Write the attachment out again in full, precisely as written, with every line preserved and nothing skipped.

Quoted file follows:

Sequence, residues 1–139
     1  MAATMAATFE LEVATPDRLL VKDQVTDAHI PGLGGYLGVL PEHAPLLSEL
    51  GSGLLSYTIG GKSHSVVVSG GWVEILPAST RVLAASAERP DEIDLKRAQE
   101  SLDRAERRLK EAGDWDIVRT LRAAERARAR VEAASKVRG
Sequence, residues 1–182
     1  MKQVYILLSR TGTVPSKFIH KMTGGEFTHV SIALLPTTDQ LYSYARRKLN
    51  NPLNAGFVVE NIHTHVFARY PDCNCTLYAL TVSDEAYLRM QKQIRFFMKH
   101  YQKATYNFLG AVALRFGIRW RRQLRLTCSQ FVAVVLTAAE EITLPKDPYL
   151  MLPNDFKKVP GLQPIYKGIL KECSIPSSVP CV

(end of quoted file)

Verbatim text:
Sequence, residues 1–139
     1  MAATMAATFE LEVATPDRLL VKDQVTDAHI PGLGGYLGVL PEHAPLLSEL
    51  GSGLLSYTIG GKSHSVVVSG GWVEILPAST RVLAASAERP DEIDLKRAQE
   101  SLDRAERRLK EAGDWDIVRT LRAAERARAR VEAASKVRG
Sequence, residues 1–182
     1  MKQVYILLSR TGTVPSKFIH KMTGGEFTHV SIALLPTTDQ LYSYARRKLN
    51  NPLNAGFVVE NIHTHVFARY PDCNCTLYAL TVSDEAYLRM QKQIRFFMKH
   101  YQKATYNFLG AVALRFGIRW RRQLRLTCSQ FVAVVLTAAE EITLPKDPYL
   151  MLPNDFKKVP GLQPIYKGIL KECSIPSSVP CV